More Is needed than Bibles
THE Bible continues to be printed and distributed by the millions of copies year after year, and that in ever more tongues. It now appears, in whole or in part, in upward of twelve hundred languages, 1,202 to be exact.
In the United States as well as in many other lands around the world, a Bible week is annually observed by Protestants, usually beginning with the second Sunday in Advent. (Incidentally, “Advent” refers to a preparatory period, four weeks before Christmas.) There is even a Roman Catholic Bible week in certain lands, such as in the United States, where it falls in February, it being celebrated in connection with Catholic Press month.
Commendable as are the printing and distributing of the Bible—although it must be admitted that not all of it is being done out of purely religious or even out of philanthropic motives—more is needed. It is not enough for people to have the Bible in their homes, nor even that they read it from time to time. They must understand what they read and know what to do about it. True, parts of the Bible, such as its historical portions and its moral precepts, are quite clear for all to comprehend who approach it objectively. But there is also much that cannot be understood without assistance; and, not understanding it, many stop reading the Bible, while others charge it with contradicting itself. In particular is there need for help to understand the fulfillment of Bible prophecies, and especially those that relate to our day.
In fact, Bible prophecies cannot be understood by anyone until God’s due time. Thus Daniel, who was used by God to record many prophecies, said regarding some of them, “I heard, but I could not understand.” Why not? Because it was not God’s due time, for which reason God told him: “Go, Daniel, because the words are made secret and sealed up until the time of the end.” At that time “the ones having insight will understand.” And why? Because of those prophecies being fulfilled. In the same way, it was only after Jesus Christ had fulfilled certain prophecies that his apostle Matthew was able to call attention to certain events and show how they fulfilled this prophecy and that.—Dan. 12:8-10; Matt. 2:22, 23; 3:3; 8:17; 21:4, 5; 27:9, 10.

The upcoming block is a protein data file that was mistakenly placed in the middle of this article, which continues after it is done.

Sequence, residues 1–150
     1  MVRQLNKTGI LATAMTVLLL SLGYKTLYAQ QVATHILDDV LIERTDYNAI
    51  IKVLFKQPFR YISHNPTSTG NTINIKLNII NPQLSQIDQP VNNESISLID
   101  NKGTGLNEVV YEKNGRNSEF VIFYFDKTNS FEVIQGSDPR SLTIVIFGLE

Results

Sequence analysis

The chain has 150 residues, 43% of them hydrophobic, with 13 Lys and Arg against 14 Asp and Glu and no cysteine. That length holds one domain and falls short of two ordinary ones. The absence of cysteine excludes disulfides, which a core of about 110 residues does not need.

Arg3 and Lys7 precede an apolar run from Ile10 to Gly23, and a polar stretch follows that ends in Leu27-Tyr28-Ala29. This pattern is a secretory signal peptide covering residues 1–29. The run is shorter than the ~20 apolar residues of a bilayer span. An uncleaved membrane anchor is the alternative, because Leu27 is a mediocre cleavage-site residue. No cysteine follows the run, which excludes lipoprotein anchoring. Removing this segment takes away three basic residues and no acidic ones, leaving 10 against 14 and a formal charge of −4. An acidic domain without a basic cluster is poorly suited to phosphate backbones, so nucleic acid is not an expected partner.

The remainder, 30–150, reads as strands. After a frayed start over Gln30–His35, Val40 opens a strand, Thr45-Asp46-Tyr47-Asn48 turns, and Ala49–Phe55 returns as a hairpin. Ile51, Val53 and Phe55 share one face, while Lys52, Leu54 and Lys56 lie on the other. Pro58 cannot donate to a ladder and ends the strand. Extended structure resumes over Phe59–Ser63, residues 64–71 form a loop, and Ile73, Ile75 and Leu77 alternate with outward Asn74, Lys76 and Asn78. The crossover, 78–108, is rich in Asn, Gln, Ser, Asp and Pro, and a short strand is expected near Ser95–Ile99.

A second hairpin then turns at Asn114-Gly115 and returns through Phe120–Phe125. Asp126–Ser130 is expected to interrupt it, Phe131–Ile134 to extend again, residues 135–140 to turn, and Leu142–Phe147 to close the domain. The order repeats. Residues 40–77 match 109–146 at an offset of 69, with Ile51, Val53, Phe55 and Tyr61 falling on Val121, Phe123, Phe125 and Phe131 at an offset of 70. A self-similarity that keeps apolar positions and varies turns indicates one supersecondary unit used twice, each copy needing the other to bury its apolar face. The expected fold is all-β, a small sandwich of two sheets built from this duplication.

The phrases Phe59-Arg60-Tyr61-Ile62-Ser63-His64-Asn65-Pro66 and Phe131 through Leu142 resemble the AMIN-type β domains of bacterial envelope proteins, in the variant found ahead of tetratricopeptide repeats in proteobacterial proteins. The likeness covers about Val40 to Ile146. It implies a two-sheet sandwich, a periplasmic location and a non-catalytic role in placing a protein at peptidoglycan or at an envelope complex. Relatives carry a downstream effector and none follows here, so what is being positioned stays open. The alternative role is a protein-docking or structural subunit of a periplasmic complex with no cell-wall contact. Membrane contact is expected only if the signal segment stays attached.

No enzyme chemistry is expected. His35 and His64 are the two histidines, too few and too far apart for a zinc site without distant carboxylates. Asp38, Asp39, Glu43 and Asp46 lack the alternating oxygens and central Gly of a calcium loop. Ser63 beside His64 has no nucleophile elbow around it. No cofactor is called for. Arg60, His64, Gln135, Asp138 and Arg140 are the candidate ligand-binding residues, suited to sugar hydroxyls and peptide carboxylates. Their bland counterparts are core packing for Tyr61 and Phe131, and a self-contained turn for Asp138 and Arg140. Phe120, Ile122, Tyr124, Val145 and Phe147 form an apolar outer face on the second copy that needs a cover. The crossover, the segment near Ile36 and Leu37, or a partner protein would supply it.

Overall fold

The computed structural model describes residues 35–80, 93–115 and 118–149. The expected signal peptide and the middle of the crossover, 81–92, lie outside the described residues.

Equally important to understanding the Bible is God’s holy spirit. Only upon receiving the holy spirit at Pentecost were the Christian apostle Peter and his associates able to preach with understanding and show the fulfillment of prophecies, and so it has been since. As the apostle Paul shows, “God has revealed [these things] through his spirit.”—1 Cor. 2:9, 10; Acts 2:2-36.
Another requirement for understanding the Bible is a right heart condition, a sincere desire to learn, a ‘consciousness of one’s spiritual need.’ That is why Jesus spoke in parables or illustrations, to separate the casual and curious listener from the sincere inquirer. The latter would heed Jesus’ words: “Let him that has ears listen,” that is, remain to hear more.—Matt. 5:3; 13:9-16.